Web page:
Historically, the ROC government on Taiwan has subjected all written materials to rigorous censorship. Since the lifting of martial law, the authorities have shown much greater tolerance for printed criticism. However, the government retains censorship powers, continues to enforce limits on freedom of expression and retains effective control over broadcasting.

The authorities have used a variety of mechanisms to control the media. All publications must obtain government licenses, and from 1951 to 1988, the authorities limited the number of licenses available for publishing daily newspapers to 31, with the number of pages in each paper also subject to a legal limit (first eight and then 12 pages). This was supposedly due to a "paper shortage." During this period, many of the newspapers were directly owned by the government, the military, or the KMT party. Private newspaper publisher were usually KMT members. The only paper to feature occasional moderate criticisms of the government (along with some of the best news reporting) was the Independence Evening Post; the authorities refused to allow it to publish for the more lucrative morning market until 1988.

Despite these restrictions, licenses have been available for the publication of monthly and weekly magazines. During martial law, the military (along with the Government Information Office) regularly subjected newspapers and magazines to pre-publication review. Those containing materials deemed "unprintable," such as criticism of government policies, calls for greater democracy, or pictures of Chinese Communist leaders, were subject to censorship of the offending article, banning of the entire issue, or license suspensions. The government retains these censorship powers, although it has used them much less regularly since 1987. Wire services, foods, and imported publications are also subject to government review and occasional bans or censorship.

The authors of material which offends the KMT are subject to reprisals as well. In the 1980s, KMT and government officials repeatedly filed criminal libel suits against opposition journalists. Although in several instances the writers offered to prove the truth of their stories, these suits frequently led to jail terms. Some critical writers have faced still longer terms in prison for "sedition," or even murder, as in the case of Henry Liu.

In the mid-1980s, opposition publications became bolder, leading the authorities to step up censorship and libel suits. It was generally possible to obtain "banned" materials despite censorship orders, and publishers began acquiring multiple licenses to insure against suspensions. Toward the end of martial law, a few publications even ignored banning orders altogether. There were also demonstrations against censorship, and numerous reports by international human rights groups on Taiwan’s high rate of censorship and high number of jailed journalists.

Since the lifting of martial law, censorship has declined but has not vanished. Lively new magazines have appeared on the scene, notably The Journalist, which has featured in-depth coverage of politics and social issues combined with editorial criticism of both the government and the opposition. The authorities continue to suppress printed discussion of Taiwan independence, military corruption, and the involvement of the military in politics, and to subject people who write about these topics to prison terms.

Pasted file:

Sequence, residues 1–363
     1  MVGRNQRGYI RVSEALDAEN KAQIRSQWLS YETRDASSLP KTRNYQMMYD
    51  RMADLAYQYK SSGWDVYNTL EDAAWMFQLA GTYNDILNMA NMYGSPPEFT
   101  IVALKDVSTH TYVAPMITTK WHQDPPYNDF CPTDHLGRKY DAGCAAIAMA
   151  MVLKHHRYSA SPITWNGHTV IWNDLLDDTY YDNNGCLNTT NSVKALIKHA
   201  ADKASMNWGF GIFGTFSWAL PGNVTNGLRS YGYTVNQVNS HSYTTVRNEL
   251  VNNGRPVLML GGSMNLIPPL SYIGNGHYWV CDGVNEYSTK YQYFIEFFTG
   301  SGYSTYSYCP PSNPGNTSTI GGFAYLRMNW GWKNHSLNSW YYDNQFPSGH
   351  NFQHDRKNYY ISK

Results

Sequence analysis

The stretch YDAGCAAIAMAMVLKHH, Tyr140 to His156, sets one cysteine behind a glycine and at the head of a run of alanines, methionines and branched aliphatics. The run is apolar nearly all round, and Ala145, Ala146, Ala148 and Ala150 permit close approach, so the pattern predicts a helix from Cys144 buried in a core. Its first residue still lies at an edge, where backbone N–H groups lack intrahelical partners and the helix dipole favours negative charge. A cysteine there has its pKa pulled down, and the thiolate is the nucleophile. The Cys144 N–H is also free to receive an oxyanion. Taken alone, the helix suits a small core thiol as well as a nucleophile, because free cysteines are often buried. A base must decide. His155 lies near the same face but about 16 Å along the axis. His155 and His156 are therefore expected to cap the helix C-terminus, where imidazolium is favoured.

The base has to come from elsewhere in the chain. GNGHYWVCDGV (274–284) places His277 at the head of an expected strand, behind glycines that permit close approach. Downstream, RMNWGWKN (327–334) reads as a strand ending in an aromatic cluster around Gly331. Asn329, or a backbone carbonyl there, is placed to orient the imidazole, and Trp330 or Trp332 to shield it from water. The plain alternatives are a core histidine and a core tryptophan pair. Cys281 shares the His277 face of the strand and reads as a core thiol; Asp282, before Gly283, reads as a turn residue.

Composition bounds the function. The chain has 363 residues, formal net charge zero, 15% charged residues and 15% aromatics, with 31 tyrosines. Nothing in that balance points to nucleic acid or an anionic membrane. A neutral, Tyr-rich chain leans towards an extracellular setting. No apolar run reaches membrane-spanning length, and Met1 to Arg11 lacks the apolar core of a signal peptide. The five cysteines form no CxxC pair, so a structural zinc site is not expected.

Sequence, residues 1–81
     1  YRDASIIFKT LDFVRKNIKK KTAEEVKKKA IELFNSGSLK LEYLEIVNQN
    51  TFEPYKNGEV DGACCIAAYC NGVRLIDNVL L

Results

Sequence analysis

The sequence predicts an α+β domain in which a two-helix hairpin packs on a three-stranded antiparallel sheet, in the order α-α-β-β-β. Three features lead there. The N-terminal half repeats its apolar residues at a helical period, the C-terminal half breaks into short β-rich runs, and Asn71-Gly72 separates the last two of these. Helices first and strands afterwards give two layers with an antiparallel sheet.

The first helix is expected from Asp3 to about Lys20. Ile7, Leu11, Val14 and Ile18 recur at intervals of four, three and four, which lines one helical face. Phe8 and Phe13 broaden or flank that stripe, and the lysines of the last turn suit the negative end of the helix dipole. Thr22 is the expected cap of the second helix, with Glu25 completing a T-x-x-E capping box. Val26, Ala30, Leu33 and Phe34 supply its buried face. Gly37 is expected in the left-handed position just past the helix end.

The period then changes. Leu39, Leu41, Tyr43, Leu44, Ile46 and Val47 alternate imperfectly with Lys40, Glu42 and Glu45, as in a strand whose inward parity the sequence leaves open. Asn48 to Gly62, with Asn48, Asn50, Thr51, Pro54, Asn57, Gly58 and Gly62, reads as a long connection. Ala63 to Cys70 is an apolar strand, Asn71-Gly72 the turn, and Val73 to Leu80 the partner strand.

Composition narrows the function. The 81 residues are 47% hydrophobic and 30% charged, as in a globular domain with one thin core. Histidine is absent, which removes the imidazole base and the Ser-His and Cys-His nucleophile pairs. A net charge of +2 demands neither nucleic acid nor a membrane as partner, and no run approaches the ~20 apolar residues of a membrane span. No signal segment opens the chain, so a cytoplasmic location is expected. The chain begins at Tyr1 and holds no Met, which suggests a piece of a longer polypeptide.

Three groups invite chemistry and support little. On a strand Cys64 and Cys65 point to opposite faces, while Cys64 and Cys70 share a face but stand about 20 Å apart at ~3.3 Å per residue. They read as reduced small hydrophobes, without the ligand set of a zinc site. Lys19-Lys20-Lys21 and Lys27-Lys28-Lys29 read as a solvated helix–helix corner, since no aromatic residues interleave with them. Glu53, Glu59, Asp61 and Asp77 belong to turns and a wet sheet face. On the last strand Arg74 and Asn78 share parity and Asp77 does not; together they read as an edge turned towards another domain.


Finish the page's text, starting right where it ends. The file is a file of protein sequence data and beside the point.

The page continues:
In January 1988, the authority lifted the ban on new newspapers and increased the page limit to 32. Since then, the government has issued over 200 licenses, and 50 papers are actually publishing. Like the magazines, papers have become much bolder in their willingness to publish investigative and analytical articles, as well as editorials criticizing government policy. Some independent newspapers including The Common Daily, The Independent Post, and The Liberty Times have become more critical in their editorial stance. However, the staunchly pro-KMT China Times and United Daily continue to dominate the market, with the other papers competing to serve as reader’s second newspaper. Total circulation of all dailies is nearly six million copies.

The authorities have also liberalized their past ban on reprinting materials from the mainland, and their suppression of publication styles used there.

The government retains extremely tight control over broadcasting, in contrast to the more relaxed climate for publications. The state or KMT party own all three television networks and the government owns 12 of 33 radio stations. The remaining stations are controlled by the KMT party or are owned by party loyalists.

The authorities severely restrict the amount of time devoted to broadcasts in the Taiwanese dialect, which have generally been limited to soap operas and game shows rather than public affairs programming. In 1987, the government finally agreed to allow 20-30 minute daily television news broadcasts in Hoklo, along with simultaneous radio translations in Hoklo of Mandarin television broadcasts. International Community Radio Taiwan (ICRT), which serves the expatriate community, is permitted to broadcasts in English 24 hours a day. Television and radio news is heavily biased in favor of the KMT, and ICRT is among the worst offenders. ICRT recently dismissed two reporters for devoting too much attention to opposition politics.

The authorities have repeatedly denied applications for licenses to start new radio or television networks, citing a "lack of frequencies." The opposition DPP has challenged this monopoly by distributing videotapes and by setting up "underground" television stations. The government has seized the equipment of these stations and jailed one reporter involved in their creation.